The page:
Answered by Shaykh Abdurragmaan Khan
Question: Assalam alaykum,
A christian woman agreed that our future children will be Muslims. I don’t want to force her into Islam, I want that to be her own choice.
Can I marry her?
In principle, Islamic law permits a male to marry a Kitabiyyah (a Christian or Jewish female). Allah, the Most High, said in Surah al-Ma’idah:
And [lawful in marriage are] chaste women from among the believers and chaste women from among those who were given the Scripture before you, when you have given them their due compensation, desiring chastity, not unlawful sexual intercourse or taking [secret] lovers.
Thereafter, scholars differ with regards to which requirements need to be met before such a marriage will be considered valid and permissible. The Shafi’i school adopted the strictest stance in this regard. According to them, Christian or Jewish females are categorized as Israelites (offspring of Israel or Prophet Yaqub) or non-Israelites.
It would be permitted to marry an Israelite female on condition that her forefathers embraced Christianity or Judaism prior to it’s abrogation. Imam al-Shafi’i held that the law of Prophet ‘Isa abrogated that of Prophet Musa. The coming of Nabi Isa thus marks the abrogation of Judaism. Similarly, the coming the Prophet Muhammad sallaLlahu alayhi wasallam abrogated Christianity. Whether her family embraced Christianity or Judaism prior or after the interpolation or distortions (tahrif) of that religion is irrelevant.
The condition for marrying a non-Israelite female is that her forefathers should have embraced Judaism or Christianity prior to the abrogation of their respective faith and prior to its interpolation or distortion. In terms of Christianity, the council of Nicaea in 325 CE is generally looked upon as the year of tahrif. It was in this council that monotheistic Christianity was declared false and Arius, the champion of Christian monotheism and his followers, were ordered to be killed.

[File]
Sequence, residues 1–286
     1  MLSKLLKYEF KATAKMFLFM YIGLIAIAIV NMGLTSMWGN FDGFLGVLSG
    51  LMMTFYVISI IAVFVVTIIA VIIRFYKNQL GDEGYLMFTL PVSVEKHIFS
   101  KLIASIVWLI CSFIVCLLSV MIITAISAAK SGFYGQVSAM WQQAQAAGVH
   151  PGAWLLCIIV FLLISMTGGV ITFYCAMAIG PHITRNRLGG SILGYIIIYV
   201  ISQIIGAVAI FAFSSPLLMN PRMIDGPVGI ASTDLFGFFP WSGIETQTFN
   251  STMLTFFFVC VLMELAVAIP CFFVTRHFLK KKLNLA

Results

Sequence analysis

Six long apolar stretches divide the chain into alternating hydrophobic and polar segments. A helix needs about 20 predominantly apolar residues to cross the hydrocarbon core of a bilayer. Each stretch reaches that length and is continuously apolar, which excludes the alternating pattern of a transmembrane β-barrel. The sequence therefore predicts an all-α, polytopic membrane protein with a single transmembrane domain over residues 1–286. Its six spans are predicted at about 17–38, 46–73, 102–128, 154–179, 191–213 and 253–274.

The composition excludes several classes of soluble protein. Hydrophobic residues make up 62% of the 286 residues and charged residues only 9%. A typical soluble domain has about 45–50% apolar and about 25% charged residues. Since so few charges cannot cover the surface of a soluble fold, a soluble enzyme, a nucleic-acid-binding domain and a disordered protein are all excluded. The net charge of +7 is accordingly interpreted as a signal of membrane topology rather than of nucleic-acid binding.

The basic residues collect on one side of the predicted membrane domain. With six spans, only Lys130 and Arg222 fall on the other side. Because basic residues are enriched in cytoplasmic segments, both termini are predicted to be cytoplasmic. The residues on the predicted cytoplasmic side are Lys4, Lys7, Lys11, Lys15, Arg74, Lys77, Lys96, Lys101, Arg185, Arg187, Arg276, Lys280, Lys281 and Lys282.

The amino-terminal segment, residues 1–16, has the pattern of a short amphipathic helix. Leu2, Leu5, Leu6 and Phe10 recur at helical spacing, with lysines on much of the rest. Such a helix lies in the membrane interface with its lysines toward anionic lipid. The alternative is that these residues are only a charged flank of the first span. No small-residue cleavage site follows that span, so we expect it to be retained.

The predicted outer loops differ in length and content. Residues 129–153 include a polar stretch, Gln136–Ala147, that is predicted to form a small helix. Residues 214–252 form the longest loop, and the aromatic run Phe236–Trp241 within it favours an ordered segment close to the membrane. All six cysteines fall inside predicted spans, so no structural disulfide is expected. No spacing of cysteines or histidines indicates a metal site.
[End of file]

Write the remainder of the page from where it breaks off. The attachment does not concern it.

Assuming the above conditions are met, the drafting or non-drafting of a civil contract will not impact on the validity of the marriage. Taking the potential consequences of such a marriage into account, I can see the wisdom why your local Imam would have suggested the drawing up of such legal documents.
As for the manner in which the marriage should take place, it is the same as a normal marriage. Her father, irrespective whether Muslim or not, will act as her Wali (guardian). He would ideally appoint a scholar or an Imam as an agent (wakil) to marry his daughter to you. The agent offers her to you in marriage (ijab) and you comply (qabul). The formula of Nikah has strict wording that one needs to keep in mind and two witnesses of integrity has to be present.
Finally, the scholars of your city should be consulted as they would be better suited to advise you in this regard. The city I reside in has seen so many problematic cases of interfaith marriage that there’s hardly a scholar within the city that would consider performing such a Nikah. My personal advice would be to encourage the sister to accept Islam prior to marriage and give her an adequate window of opportunity to do so.
And Allah knows best
[Shaykh] Abdurragmaan Khan
Shaykh Abdurragmaan received ijazah ’ammah from various luminaries, including but not restricted to: Habib Umar ibn Hafiz—a personality who affected him greatly and who has changed his relationship with Allah, Maulana Yusuf Karaan—the former Mufti of Cape Town; Habib ‘Ali al-Mashhur—the current Mufti of Tarim; Habib ‘Umar al-Jaylani—the Shafi‘i Mufti of Makkah; Sayyid Ahmad bin Abi Bakr al-Hibshi; Habib Kadhim as-Saqqaf; Shaykh Mahmud Sa’id Mamduh; Maulana Abdul Hafiz al-Makki; Shaykh Ala ad-Din al-Afghani; Maulana Fazlur Rahman al-Azami and Shaykh Yahya al-Gawthani amongst others.